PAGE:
Mexican Fish Stew to Warm Your Soul

The first time I tasted Mexican fish stew was at a little taquria in the small town of Alpine, Calif. Now if you know Alpine, there’s really not much going on there. A very active Kiwinis club, an even more active corner liquor store and some major Indian reservation casino action. There’s more but those are the main attractions.

But when you’re somewhere like that and you are stopped dead in your tracks by the smell of freshly, homemade corn tortillas wafting out of a small restaurant storefront, mixed with a savory carne asada and lime aroma, you are remiss if you don’t poke your head in and see what you can possibly dig in to for breakfast, lunch, snack or dinner.

See, most of the time in Southern California these little Mexican restaurants are owned by Mexican families that have their abuela (grandma) working in the kitchen and preparing recipes that go back generations. And I had one of those specialties at that taqueria. The best Mexican stew ever.

And what a relief it was. We were all coming down with the worst case of the flu and this was just the dish to lift my spirits. We ordered a big bowl of it and shared it family style–ladeling out big helpings of white fish delicately simmered in chicken broth perfumed with lime and cilantro, chunky tomato, shrimp, crab claws and corn on the cob. Heaven. And so simple.

It wasn’t until a couple of weeks ago that I attempted to make this recipe. I wasn’t sure where to start and I began researching ingredients. I found some recipes with potatoes, fennel and other heavier ingredients. Which I love. But maybe not for this stew in particular. I liked the lightness of this stew and decided to create my recipe based on the simple ingredients that make this dish so delicious.

Here is what I came up with.

Ingredients: 

-4 medium-sized tilapia fillets, each cut into bite-sized chunks
-8 large peeled and deveined shrimp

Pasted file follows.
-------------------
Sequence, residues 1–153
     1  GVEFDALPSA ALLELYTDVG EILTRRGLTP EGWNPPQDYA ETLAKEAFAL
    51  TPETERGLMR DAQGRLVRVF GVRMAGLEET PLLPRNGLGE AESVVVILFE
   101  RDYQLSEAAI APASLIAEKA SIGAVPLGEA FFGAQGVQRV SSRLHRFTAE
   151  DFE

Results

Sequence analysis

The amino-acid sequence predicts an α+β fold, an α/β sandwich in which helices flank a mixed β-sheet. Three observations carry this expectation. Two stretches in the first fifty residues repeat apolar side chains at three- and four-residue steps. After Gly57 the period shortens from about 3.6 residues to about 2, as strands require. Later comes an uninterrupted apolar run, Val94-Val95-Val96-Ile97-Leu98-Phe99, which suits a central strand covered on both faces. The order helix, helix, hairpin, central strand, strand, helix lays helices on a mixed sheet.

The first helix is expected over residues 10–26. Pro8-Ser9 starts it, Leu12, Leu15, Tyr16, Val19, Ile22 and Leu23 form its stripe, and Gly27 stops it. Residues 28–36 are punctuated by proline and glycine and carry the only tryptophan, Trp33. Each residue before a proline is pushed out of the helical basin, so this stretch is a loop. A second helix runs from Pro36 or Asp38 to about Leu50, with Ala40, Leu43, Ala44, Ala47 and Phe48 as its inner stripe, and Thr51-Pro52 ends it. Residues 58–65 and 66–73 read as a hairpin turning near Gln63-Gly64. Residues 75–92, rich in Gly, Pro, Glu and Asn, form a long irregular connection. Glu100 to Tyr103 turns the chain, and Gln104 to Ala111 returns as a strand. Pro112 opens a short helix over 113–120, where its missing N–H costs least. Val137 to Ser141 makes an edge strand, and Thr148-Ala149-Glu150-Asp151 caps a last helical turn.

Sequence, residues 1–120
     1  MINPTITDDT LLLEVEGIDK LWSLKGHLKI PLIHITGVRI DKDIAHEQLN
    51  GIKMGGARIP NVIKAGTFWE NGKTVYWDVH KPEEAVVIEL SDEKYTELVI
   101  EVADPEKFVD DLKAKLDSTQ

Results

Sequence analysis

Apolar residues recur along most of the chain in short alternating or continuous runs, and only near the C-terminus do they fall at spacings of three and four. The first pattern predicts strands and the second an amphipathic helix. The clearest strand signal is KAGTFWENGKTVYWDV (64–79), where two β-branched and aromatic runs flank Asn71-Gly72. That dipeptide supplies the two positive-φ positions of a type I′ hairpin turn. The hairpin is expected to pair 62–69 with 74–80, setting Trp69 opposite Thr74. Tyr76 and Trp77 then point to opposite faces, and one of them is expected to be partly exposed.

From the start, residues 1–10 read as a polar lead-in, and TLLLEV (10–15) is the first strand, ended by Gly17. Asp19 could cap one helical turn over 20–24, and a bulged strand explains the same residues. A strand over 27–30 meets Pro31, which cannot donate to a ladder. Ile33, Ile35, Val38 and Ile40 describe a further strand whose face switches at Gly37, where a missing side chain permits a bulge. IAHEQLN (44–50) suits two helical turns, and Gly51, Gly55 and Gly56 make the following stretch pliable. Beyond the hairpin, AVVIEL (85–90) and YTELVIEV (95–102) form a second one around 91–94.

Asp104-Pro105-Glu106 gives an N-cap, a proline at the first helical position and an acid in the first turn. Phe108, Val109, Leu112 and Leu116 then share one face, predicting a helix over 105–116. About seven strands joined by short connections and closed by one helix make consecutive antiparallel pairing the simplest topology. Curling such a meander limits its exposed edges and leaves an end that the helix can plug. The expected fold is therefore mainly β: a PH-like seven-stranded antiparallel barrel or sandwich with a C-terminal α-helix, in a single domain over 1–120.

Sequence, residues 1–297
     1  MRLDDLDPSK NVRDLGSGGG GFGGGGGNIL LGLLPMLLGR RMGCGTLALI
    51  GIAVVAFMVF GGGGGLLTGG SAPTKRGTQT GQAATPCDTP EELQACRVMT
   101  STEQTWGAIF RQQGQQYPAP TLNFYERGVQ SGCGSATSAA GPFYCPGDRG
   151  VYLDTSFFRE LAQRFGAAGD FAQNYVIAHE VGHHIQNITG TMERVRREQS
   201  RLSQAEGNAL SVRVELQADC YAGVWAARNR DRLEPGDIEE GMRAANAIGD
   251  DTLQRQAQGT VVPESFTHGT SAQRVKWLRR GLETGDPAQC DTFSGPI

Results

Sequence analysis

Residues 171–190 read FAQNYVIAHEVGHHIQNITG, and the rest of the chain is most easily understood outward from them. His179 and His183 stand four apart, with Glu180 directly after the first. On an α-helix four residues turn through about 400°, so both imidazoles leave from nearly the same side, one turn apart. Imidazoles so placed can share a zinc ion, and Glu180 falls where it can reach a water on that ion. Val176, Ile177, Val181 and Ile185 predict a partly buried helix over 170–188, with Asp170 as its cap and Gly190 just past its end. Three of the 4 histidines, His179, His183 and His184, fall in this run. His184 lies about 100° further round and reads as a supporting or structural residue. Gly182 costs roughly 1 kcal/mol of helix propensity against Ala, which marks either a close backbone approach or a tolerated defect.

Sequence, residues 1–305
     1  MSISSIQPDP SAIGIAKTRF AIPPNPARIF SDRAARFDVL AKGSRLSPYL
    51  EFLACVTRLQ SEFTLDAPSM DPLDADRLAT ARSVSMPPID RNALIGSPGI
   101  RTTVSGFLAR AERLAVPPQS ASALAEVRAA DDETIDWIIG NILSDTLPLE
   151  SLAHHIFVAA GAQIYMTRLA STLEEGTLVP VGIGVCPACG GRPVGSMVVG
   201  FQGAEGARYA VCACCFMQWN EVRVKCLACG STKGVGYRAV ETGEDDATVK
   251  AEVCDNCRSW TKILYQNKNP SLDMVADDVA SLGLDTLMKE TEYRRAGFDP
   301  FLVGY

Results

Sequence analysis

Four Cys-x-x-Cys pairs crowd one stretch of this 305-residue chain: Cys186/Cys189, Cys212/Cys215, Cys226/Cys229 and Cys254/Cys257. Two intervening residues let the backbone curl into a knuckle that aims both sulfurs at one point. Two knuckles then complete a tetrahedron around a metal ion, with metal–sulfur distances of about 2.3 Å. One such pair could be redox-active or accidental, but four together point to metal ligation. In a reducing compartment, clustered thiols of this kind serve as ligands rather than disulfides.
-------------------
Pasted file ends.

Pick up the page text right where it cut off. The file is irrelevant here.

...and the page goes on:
-1 15 oz. can of roasted diced tomatoes
-1 large onion finely chopped
-3 garlic cloves, minced
-1 bay leaf
-3 limes. Juice two and leave one quartered for garnish.
-1/4 cup of chopped cilantro
-1 tbsp. of Mexican or California chili powder (not too spicy)
-1/2 tsp. of fresh thyme taken off the stem and chopped
-2 tbsp. of extra virgin olive oil
-2 15 oz. cans of fat-free chicken broth
-2 cups of water
-Salt and pepper to taste

 Preparing

Place the chucks of fish in a bowl and mix with the juice of two limes. Set the fish aside and start heating a dutch oven on medium heat. Once hot, add the olive oil, chopped onion, bayleaf and garlic and saute until onions and garlic are soft.

Next, add the chili powder and roasted tomatoes and stir together with the onion mixture. Then add in the marinated fish and add a good amount of salt and pepper. Simmer in the tomato broth, turning once, for about three minutes total.

Then add the chicken broth and water and bring to a gentle simmer. Once simmering add the shrimp, adjust salt as needed and simmer for about 10 minutes.

Ladle the soup into four separate bowls, top each with chopped cilantro and a lime wedge. Muy delicioso!

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Simple Recipe for Working Moms: Smothered Pork Chops, Crock Pot-Style

Pork chops, especially thin-cut beauties, are a working mom’s best friend. They are super simple to make in so many ways. I usually just douse them with seasoned salt, a little garlic powder and pepper and pop them underneath the broiler. I turn them once and broil the chops until they are brown and sizzling. I even don’t mind if they are a little bit tough this way. My husband and I are a rare breed when it comes to tougher pork chops, I guess. If they turn out a little chewy, we just slap on some hot sauce and eat them like pop cycles. Barbaric, I know. I try to make moister ones for the kiddies.

Anyway, you could also spray them with a light coating of cooking spray, dip them in seasoned bread crumbs and fry them in a little olive oil. Or for a more decadent version, dip them in a beaten egg, then into flour, back into the egg, then into bread crumbs and fry in a deep pan of cooking or olive oil. Yum!